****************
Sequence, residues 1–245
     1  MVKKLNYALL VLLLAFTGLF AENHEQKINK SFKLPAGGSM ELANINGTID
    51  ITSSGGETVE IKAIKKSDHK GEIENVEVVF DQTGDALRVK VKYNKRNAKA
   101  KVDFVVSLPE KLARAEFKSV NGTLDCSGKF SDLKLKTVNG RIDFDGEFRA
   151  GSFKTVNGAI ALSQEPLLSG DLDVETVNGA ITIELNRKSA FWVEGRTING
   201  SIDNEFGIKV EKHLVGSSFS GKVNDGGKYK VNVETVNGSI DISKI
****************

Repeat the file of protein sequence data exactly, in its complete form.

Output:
Sequence, residues 1–245
     1  MVKKLNYALL VLLLAFTGLF AENHEQKINK SFKLPAGGSM ELANINGTID
    51  ITSSGGETVE IKAIKKSDHK GEIENVEVVF DQTGDALRVK VKYNKRNAKA
   101  KVDFVVSLPE KLARAEFKSV NGTLDCSGKF SDLKLKTVNG RIDFDGEFRA
   151  GSFKTVNGAI ALSQEPLLSG DLDVETVNGA ITIELNRKSA FWVEGRTING
   201  SIDNEFGIKV EKHLVGSSFS GKVNDGGKYK VNVETVNGSI DISKI